Let's assume you keep the rest of the turbo unchanged, but simply increase turbine housing A/R. The compressor needs the same amount of shaft power to run at your target boost level; that doesn't change. But the larger A/R housing allows the turbine to make that same amount of shaft power at a lower pressure ratio, and higher flow rate. It's a tradeoff between turbine flow and pressure.

It's possible to achieve the same or better boost threshold with a larger A/R, depending on how terminally undersized your current housing is now.
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Old 11-12-2019, 03:29 PM   #14
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Tyler has a Volvo 940 SE T-25 core.
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Old 11-12-2019, 03:43 PM   #15
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Fun fact 940SE volvo t25 turbos, .48 a/r exhaust housing. 1990 or 1991 740 turbo with stock m46 has .64 a/r t25 volvo exhaust housing. Both have volvo flanged t3 flange with the step.

I put the .64 one on my 95 940.



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Old 11-12-2019, 03:58 PM   #16
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Quote:
Originally Posted by Duder View Post
"Drive pressure" is a misnomer from the diesel truck world - it's not the pressure that drives the turbine, it's momentum transfer from the exhaust gas molecules physically hitting the turbine blades. The whole system will benefit from lowering pre-turbine exhaust pressure (aka backpressure or manifold pressure).

Let's assume you keep the rest of the turbo unchanged, but simply increase turbine housing A/R. The compressor needs the same amount of shaft power to run at your target boost level; that doesn't change. But the larger A/R housing allows the turbine to make that same amount of shaft power at a lower pressure ratio, and higher flow rate. It's a tradeoff between turbine flow and pressure.

It's possible to achieve the same or better boost threshold with a larger A/R, depending on how terminally undersized your current housing is now.
I'll use manifold pressure from now on

So this brings up another question I have:
How does one go about comparing turbine housings of different A/R ratios ,if they are not in the frame size. In this instance the housing I have is a T3 0.63, what would that be in a T25 size?
Can you calculate inlet area and use that as a comparison? If the T3 is 10% larger in inlet area, would a 10% larger T25 A/R housing have the same flow?
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Old 11-12-2019, 04:57 PM   #17
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Quote:
Originally Posted by sbabbs View Post
Fun fact 940SE volvo t25 turbos, .48 a/r exhaust housing. 1990 or 1991 740 turbo with stock m46 has .64 a/r t25 volvo exhaust housing. Both have volvo flanged t3 flange with the step.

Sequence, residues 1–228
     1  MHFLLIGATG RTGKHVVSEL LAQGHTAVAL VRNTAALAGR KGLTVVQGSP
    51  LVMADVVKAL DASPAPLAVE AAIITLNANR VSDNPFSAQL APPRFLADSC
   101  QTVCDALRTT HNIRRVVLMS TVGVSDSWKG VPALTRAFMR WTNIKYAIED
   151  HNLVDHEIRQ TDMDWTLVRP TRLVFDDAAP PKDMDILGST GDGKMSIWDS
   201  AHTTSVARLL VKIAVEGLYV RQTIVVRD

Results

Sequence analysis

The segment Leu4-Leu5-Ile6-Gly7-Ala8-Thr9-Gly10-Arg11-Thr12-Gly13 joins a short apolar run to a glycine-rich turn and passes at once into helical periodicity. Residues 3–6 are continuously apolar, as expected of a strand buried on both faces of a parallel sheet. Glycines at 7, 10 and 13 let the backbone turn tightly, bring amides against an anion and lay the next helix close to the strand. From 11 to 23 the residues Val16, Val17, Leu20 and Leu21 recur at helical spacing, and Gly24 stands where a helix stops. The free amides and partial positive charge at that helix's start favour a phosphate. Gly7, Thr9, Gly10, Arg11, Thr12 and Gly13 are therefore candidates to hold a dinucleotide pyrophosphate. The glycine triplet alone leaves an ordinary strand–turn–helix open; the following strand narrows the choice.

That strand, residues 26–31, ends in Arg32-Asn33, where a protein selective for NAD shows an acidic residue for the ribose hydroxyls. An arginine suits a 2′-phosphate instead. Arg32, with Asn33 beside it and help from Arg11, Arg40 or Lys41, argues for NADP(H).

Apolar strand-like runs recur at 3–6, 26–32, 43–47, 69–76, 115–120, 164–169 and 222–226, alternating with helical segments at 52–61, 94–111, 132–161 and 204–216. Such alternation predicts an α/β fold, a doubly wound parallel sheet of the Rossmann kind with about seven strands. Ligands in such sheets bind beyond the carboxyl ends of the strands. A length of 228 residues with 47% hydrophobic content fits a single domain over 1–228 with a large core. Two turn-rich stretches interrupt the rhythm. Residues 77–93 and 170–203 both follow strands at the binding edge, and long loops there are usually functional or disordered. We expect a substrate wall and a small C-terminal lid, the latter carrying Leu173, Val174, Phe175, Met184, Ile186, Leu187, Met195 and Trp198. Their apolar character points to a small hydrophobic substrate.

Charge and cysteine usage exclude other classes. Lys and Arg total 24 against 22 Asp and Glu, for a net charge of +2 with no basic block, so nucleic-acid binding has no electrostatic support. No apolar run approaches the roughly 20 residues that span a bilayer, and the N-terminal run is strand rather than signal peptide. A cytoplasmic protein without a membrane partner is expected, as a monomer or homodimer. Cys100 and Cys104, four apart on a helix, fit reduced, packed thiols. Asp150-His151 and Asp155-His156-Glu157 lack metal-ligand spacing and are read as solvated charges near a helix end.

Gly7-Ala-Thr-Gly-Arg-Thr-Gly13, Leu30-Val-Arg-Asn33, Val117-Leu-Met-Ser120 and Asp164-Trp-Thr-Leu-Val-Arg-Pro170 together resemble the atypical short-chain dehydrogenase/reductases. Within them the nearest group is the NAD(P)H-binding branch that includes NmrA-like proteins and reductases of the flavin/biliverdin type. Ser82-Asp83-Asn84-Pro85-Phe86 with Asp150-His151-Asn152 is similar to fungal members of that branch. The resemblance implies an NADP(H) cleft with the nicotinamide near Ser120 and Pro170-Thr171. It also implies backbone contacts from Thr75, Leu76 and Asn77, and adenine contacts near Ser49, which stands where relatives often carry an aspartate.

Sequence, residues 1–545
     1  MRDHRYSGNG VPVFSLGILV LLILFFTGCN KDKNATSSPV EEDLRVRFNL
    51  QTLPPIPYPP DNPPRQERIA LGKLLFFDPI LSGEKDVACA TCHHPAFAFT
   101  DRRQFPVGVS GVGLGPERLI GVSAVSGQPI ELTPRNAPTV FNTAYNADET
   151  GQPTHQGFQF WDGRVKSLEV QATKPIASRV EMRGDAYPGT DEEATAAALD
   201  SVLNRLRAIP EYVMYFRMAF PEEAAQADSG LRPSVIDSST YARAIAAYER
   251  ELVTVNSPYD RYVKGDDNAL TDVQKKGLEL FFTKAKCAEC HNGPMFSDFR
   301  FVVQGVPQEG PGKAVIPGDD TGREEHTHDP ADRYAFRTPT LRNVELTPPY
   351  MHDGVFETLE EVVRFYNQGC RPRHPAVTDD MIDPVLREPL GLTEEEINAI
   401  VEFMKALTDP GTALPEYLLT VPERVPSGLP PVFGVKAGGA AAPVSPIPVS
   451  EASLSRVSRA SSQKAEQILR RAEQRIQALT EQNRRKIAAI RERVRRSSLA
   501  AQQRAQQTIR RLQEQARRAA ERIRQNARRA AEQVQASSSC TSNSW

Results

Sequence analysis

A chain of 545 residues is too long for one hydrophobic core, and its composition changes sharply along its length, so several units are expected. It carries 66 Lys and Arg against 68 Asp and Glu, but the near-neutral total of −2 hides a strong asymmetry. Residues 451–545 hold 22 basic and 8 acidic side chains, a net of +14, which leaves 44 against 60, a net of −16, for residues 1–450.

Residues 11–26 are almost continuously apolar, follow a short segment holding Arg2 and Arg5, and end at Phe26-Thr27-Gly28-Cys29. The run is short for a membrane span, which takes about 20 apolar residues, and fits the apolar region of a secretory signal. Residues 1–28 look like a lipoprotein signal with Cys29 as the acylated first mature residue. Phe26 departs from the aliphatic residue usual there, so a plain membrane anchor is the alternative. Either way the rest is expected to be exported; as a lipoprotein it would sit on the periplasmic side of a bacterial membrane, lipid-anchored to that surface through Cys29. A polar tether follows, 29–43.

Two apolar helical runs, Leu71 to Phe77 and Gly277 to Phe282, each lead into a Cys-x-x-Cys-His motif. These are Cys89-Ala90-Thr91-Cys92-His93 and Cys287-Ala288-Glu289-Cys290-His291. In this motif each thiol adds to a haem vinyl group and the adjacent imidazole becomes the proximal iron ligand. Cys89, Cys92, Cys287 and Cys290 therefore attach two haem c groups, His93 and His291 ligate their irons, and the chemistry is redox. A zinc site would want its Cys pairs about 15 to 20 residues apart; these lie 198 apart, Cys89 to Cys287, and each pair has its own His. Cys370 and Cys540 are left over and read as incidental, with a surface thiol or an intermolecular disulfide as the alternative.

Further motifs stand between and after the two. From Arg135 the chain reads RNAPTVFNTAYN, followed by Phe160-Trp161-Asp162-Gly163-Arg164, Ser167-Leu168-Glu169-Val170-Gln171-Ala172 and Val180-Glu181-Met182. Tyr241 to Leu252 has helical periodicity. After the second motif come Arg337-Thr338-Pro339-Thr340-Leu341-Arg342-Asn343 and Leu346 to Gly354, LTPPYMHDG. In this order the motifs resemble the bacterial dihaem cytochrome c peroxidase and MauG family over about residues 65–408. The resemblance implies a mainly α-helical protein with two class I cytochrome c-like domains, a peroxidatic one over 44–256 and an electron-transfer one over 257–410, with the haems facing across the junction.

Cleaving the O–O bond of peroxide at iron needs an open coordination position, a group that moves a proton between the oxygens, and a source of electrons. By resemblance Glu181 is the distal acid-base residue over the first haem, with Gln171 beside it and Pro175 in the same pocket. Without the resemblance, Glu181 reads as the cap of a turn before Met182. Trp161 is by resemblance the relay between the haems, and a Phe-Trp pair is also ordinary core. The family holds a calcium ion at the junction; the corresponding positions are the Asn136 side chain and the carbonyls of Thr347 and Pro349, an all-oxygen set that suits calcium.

I put the .64 one on my 95 940.



Good to know. The T25 that was on Tyler's 940 SE came off a 1990 740 Turbo with M46. The entire engine came out of that 740 along with the T25.
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Old 11-12-2019, 05:07 PM   #18
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Quote:
Originally Posted by sbabbs View Post
Fun fact 940SE volvo t25 turbos, .48 a/r exhaust housing. 1990 or 1991 740 turbo with stock m46 has .64 a/r t25 volvo exhaust housing. Both have volvo flanged t3 flange with the step.
That turbine housing won't fit on a GT28R or GTX28R though. Different turbine wheel and shroud contour machining.

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Originally Posted by culberro View Post
I'll use manifold pressure from now on

So this brings up another question I have:
How does one go about comparing turbine housings of different A/R ratios ,if they are not in the frame size. In this instance the housing I have is a T3 0.63, what would that be in a T25 size?
Can you calculate inlet area and use that as a comparison? If the T3 is 10% larger in inlet area, would a 10% larger T25 A/R housing have the same flow?
You can use the choke flow curves that are published for each wheel/housing combination, from Garrett anyway...I think others publish those too. The swallowing curve or choke curve represents max flow for the housing vs. pressure ratio.

Turbine flow is corrected back to standard conditions before plotting, which makes the flow values look small compared to the compressor. Don't worry about that; compare turbine flow to turbine flow. The full turbine map includes efficiency data as well but that doesn't get published, as it's a bit more sensitive and fairly useless to the average consumer unless you are running a full 1D engine/turbo matching simulation.

Anyway - in your example, step 1 would be to find a map for the 0.63 A/R T3 in question. I should point out that the turbine flow depends on the entire stage - housing and wheel together. Depends on turbine trim, wheel aero design, and a few other factors too. For the sake of argument let's say your 0.63 A/R T3 stage has a choke flow of 20 lb/min corrected. Step 2 is to check the GT28R turbine maps and find the one that flows closest to that value. In this case it would be the 0.86 A/R on a GT28R or GTX28R (which share the same turbine wheel). That 0.86 A/R housing only comes in the bolted variety, with a T25 inlet flange and 5-bolt Nissan pattern outlet. ATP and others do modify them but that's how they are made initially, anyway.